Clinical care teams have evolved to become complex combinations of physicians, physician assistants, advanced practice registered nurses, registered nurses, clinical pharmacists, and more. Each professional has specific training and skills for high-quality, coordinated care that reflects the clinical needs of patients.
Career experts offer tips on how to most effectively manage conflicts with coworkers.
Much like the mythical Hydra, modern clinical care teams have many leadership heads. Different clinicians with different specialties oversee specific aspects of care. Clinicians work together in the best interest of the patient.
It’s human nature, however, that people have different personalities and styles. Not everyone gets along, and that’s fine as long as the clinical care team can function with compassion, respect, efficiency, and efficacy. Meanwhile, learning the art of conflict resolution can go a long way in creating an optimal work environment.
If you find one of your colleagues annoying, take heart, you can smooth things out and stay productive. Of note, there is a big distinction between dealing with an irritating coworker —one who doesn’t carry their load, talks too loudly, or rubs you the wrong way—and true workplace harassment or discrimination, which should always be reported to HR. For the purpose of this article, we are addressing the former, not the latter.
We’ve pooled together some tips from employment experts such as Glassdoor and Indeed, along with other published sources, to help you deal with difficult coworkers.
First and foremost, a worker who can maintain a positive attitude and outlook despite the negativity of an irritating colleague will come out the winner, according to an article published by Glassdoor. Become the proverbial duck, and let the annoyance roll off your back. You can’t control the behavior of your coworkers but you can control your reaction. Try your best not to let the negativity bring you down and distract you from work. Stay focused on the tasks in front of you and resolve to do the best job possible for your patients and team.
If someone is making your work life difficult, gather your courage and speak up, suggests an article published by Indeed. “When sharing how they make you feel, use ‘I’ language so they better understand your perspective. Using ‘you’ language may make it difficult for them to accept responsibility for their actions,” the authors wrote. For example, you could say: “I find that your behavior makes it hard for me to focus,” instead of, “The way you act is irritating.”
Seek out their perspective
Take the time to find out why a coworker you are at odds with sees things the way they do. “Sometimes getting to know your challenging co-worker's perspective can make it easier to get along with them,” the Indeed article continued. “After getting to know them better, you may realize that their background and life experiences shape their behavior and point of [view]. Although you deserve to be treated with respect, this insight may help you understand the way they see things.”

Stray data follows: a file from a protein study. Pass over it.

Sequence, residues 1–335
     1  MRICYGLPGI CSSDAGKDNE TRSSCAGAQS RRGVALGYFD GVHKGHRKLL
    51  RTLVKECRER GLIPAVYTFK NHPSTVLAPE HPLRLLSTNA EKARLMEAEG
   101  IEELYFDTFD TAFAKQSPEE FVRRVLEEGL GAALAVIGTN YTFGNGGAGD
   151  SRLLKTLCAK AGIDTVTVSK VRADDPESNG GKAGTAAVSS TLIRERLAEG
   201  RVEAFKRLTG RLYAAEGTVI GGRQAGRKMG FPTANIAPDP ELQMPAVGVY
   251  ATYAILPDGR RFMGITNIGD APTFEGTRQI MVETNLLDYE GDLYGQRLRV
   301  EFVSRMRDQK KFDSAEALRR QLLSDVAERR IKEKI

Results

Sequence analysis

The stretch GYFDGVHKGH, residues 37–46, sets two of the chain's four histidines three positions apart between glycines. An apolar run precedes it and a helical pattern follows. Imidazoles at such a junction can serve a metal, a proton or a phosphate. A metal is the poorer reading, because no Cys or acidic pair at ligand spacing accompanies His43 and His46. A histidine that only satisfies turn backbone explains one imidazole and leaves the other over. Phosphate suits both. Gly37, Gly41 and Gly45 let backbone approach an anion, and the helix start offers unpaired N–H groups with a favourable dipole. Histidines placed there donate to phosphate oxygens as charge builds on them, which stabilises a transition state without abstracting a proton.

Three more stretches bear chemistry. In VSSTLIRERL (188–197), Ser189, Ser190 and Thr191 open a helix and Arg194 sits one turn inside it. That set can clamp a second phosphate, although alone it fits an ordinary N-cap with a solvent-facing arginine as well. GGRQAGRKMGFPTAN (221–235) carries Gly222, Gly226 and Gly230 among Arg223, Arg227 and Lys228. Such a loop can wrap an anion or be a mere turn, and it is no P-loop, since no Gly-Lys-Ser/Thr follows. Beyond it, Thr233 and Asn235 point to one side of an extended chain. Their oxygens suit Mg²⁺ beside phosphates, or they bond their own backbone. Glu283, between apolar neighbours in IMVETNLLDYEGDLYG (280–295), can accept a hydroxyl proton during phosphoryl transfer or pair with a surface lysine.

Turn the other cheek
Although it may rarely happen, sometimes a difficult colleague will try to challenge you. Although the comments may be irritating, enraging, or hurtful, it’s best to remain calm, smile, and walk away.
By giving in and fighting back, you are playing their game. Instead, by ignoring their entreaties, the offender will likely give up.
This technique works on colleagues with whom you don’t interact as much. Although avoidance may seem like the easy way out, it is effective. Limit your interactions with an annoying colleague when you can. And when you do interact, be respectful and convey only as much as needed in a courteous fashion.
Sometimes an annoying colleague is just a friend—or, at least, tolerable acquaintance—in disguise. Find common ground. Perhaps a mutual adoration for the local sandwich shop or devotion to a local sports team. You’d be surprised how shared interests can open doors.
Look at your own role
What is your own behavior with this coworker? “You may find that you both have developed a feedback loop of behavior,” wrote Indeed. “Be the person who breaks this loop and try treating them with kindness for a change. You may find that they return the kindness, and you both can move forward.” Along those lines, keeping your opinions about this coworker to yourself will help maintain a positive workplace. Find a family member or friend outside of work to talk to instead.
Report to your supervisor or HR
If confronting the colleague in a calm yet assertive manner doesn’t work, it’s probably time to speak with your supervisor or clinic/hospital management. Another option is to approach human resources, however, depending on the situation, that may not be the appropriate response, and HR may not always take your side, according to an article in Forbes. Of course, HR will want to know about actions such as harassment, discrimination, or criminal or unethical behavior.
According to the Forbes article, you can ask these questions to help decide if you want to take your complaint to HR:
If you are simply annoyed by a comment or irritating behavior on the part of a coworker, try talking politely but directly to your colleague.
If you are struggling to get along with a coworker or trying to find your place on the team, take your concerns to your practice manager or supervisor.
If the situation is so awful that you don’t want to come to work, are crying at your desk, or can’t get your job done, go to HR.
If a coworker touches you inappropriately, threatens you, or exhibits any dangerous or harassing behaviors, go to HR immediately.
Annoying colleagues are a price we sometimes pay for teamwork. The best way to deal with a grating colleague is to remain calm, respectful, and diplomatic. Remember, your purpose is to provide compassionate care to your patients and respect and kindness to your colleagues.